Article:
19 February 2021
Richard Mabey is one of our greatest nature writers. He is the author of some thirty books including the bestselling plant bible Flora Britannica, Food for Free, Turned Out Nice Again, Weeds: the Story of Outlaw Plants and Nature Cure which was shortlisted for the Whitbread, Ondaatje and Ackerley Awards. His biography, Gilbert White won the Whitbread Biography Award.
To celebrate Richard turning 80, we’ve collected his books below. Which will you pick up first?
Richard Mabey tells the enthralling story of Britain’s first ecologist.
When the pioneering naturalist Gilbert White (1720-93) wrote The Natural History of Selborne (1789), he created one of the greatest and most influential natural history works of all time, his detailed observations about birds and animals providing the cornerstones of modern ecology. In this award-winning biography, Richard Mabey tells the wonderful story of the clergyman – England’s first ecologist – whose inspirational naturalist’s handbook has become an English classic.
A lively and lyrical cultural history of plants in the wrong place by one of Britain’s best and most admired writers
Ever since the first human settlements 10,000 years ago, weeds have dogged our footsteps. They are there as the punishment of ‘thorns and thistles’ in Genesis and , two millennia later, as a symbol of Flanders Field. They are civilisations’ familiars, invading farmland and building-sites, war-zones and flower-beds across the globe. Yet living so intimately with us, they have been a blessing too. Weeds were the first crops, the first medicines. Burdock was the inspiration for Velcro. Cow parsley has become the fashionable adornment of Spring weddings.
Weaving together the insights of botanists, gardeners, artists and poets with his own life-long fascination, Richard Mabey examines how we have tried to define them, explain their persistence, and draw moral lessons from them.
One persons weed is another’s wild beauty.
THE PERFUMIER AND THE STINKHORN
Inspiring meditations through the author’s rich store of memories
In these elegant, short essays, revered nature writer Richard Mabey attempts to marry a Romantic’s view of the natural world with that of the meticulous observations of the scientist. By Romanticism, he refers to the view that nature isn’t a machine to be dissected, but a community of which we, the observers, are inextricably part. And that our feelings about that community are a perfectly proper subject for reflection, because they shape our relationship with it. Scientists eschew such a subjective response, wanting to witness the natural world exactly, whatever feelings subsequently follow.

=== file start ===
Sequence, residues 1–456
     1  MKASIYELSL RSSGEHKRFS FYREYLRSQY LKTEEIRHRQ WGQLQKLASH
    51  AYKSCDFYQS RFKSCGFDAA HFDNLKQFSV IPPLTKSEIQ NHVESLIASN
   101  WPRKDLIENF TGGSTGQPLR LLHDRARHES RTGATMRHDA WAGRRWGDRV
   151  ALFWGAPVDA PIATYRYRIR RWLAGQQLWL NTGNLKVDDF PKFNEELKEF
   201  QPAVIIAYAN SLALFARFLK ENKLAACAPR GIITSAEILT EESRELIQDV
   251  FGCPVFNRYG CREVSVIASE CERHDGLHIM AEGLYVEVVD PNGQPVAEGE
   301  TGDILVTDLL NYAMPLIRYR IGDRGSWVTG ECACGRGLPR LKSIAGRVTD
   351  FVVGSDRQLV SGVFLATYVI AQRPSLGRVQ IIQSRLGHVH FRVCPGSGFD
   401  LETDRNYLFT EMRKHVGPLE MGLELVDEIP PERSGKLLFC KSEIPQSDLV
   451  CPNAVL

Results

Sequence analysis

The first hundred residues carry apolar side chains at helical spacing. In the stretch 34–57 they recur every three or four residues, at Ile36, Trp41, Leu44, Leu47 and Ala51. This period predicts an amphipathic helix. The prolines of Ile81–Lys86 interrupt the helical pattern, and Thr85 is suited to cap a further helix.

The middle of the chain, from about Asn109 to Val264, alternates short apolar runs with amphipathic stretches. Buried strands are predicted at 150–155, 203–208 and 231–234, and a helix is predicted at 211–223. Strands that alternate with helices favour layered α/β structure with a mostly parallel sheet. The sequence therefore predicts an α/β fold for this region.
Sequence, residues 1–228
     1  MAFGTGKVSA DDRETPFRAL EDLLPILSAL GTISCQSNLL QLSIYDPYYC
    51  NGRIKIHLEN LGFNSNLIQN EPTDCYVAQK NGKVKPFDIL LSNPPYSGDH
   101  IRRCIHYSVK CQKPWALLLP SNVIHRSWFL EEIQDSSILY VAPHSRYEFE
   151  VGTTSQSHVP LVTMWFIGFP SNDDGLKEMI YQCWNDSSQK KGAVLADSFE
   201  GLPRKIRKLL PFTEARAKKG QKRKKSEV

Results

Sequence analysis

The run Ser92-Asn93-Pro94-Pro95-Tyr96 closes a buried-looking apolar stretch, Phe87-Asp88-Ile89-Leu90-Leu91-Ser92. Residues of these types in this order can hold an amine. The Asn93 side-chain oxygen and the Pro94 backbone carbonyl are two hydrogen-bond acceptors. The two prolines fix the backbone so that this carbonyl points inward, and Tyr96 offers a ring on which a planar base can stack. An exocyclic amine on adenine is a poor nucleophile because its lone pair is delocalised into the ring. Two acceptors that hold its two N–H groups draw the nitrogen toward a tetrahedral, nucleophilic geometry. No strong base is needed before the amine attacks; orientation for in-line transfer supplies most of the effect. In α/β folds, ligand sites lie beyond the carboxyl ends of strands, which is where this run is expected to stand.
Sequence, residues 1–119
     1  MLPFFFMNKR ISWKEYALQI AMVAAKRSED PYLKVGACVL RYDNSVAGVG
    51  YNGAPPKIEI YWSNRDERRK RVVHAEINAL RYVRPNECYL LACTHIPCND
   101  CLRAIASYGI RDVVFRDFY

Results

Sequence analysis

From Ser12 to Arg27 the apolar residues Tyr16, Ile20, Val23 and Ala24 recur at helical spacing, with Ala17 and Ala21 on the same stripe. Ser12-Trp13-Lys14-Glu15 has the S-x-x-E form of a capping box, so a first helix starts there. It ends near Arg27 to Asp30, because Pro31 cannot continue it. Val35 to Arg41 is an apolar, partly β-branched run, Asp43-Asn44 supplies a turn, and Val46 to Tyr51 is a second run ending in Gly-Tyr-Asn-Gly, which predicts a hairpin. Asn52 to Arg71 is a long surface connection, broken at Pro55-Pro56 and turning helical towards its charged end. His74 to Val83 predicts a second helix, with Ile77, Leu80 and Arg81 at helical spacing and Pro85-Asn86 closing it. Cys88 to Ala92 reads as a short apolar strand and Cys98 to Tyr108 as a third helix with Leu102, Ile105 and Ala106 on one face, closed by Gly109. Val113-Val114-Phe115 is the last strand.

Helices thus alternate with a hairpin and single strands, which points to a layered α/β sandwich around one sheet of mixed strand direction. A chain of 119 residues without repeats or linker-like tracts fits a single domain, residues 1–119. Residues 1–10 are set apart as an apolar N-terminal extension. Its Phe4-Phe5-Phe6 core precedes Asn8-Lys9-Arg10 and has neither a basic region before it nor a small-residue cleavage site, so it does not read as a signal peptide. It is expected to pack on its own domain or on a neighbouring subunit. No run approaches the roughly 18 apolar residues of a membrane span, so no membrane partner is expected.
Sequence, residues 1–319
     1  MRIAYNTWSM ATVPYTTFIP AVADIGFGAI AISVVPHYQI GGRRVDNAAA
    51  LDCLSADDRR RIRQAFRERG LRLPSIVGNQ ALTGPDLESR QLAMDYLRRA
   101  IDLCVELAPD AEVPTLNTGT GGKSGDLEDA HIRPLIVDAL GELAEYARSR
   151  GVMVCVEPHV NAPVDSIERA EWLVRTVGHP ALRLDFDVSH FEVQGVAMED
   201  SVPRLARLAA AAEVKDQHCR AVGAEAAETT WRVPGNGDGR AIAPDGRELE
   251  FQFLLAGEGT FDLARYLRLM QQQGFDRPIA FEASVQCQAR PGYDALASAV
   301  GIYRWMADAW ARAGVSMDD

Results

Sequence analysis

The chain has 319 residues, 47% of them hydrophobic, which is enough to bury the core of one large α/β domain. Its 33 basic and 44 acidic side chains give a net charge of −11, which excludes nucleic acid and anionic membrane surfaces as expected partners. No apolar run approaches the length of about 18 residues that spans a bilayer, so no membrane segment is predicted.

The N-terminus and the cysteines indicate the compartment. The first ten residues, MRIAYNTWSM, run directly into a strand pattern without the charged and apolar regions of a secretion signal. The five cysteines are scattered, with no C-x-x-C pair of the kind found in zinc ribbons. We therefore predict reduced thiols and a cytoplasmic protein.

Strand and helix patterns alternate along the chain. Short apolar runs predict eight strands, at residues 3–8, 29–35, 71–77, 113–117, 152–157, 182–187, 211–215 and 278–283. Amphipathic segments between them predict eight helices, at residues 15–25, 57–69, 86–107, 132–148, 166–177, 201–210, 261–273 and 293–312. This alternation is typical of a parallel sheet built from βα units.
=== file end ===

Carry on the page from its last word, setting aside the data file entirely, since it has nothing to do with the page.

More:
Our feelings are an extension of our senses – sight, taste, smell, touch and sound – and here, in a sextet of inspiring meditations, Mabey explores each sensory response in what it means to interact with nature. From birdsong to poetry, from Petri-dish to microscope, this is a joyful union of meandering thoughts and intimate memories.
TURNED OUT NICE AGAIN
An exploration of our preoccupation with the weather, as heard on BBC Radio 3: Changing Climates.
In his trademark style, Richard Mabey weaves together science, art and memoirs (including his own) to show the weather’s impact on our culture and national psyche. He rambles through the myths of Golden Summers and our persistent state of denial about the winter; the Impressionists’ love affair with London smog, seasonal affective disorder (SAD – do we all get it?) and the mysteries of storm migraines; herrings falling like hail in Norfolk and Saharan dust reddening south-coast cars; moonbows, dog-suns, fog-mirages and Constable’s clouds; the fact that English has more words for rain than Inuit has for snow; the curious eccentricity of country clothing and the mathematical behaviour of umbrella sales.
We should never apologise for our obsession with the weather. It is one of the most profound influences on the way we live, and something we all experience in common. No wonder it’s the natural subject for a greeting between total strangers: ‘Turned out nice again.’
THE CABARET OF PLANTS
A Mabey magnum opus: ‘Mabey’s finest, an eclectic world-roaming collection of stories … lacing colour, intimacy and emotional texture around the scaffold of hard facts.’ (Spectator)
In The Cabaret of Plants, Mabey explores the plant species which have challenged our imaginations, awoken our wonder, and upturned our ideas about history, science, beauty and belief.
Picked from every walk of life, they encompass crops, weeds, medicines, religious gathering-places and a water lily named after a queen. Beginning with pagan cults and creation myths, the cultural significance of plants has burst upwards, sprouting into forms as diverse as the panacea (the cure-all plant ginseng, a single root of which can cost up to $10,000), Newton’s apple, the African ‘vegetable elephant’ or boabab – and the mystical, night-flowering Amazonian cactus, the moonflower.
Ranging widely across science, art and cultural history, poetry and personal experience, Mabey puts plants centre stage, and reveals a true botanical cabaret, a world of tricksters, shape-shifters and inspired problem-solvers, as well as an enthralled audience of romantics, eccentric amateur scientists and transgressive artists. The Cabaret of Plants celebrates the idea that plants are not simply ‘the furniture of the planet’, but vital, inventive, individual beings worthy of respect – and that to understand this may be the best way of preserving life together on Earth.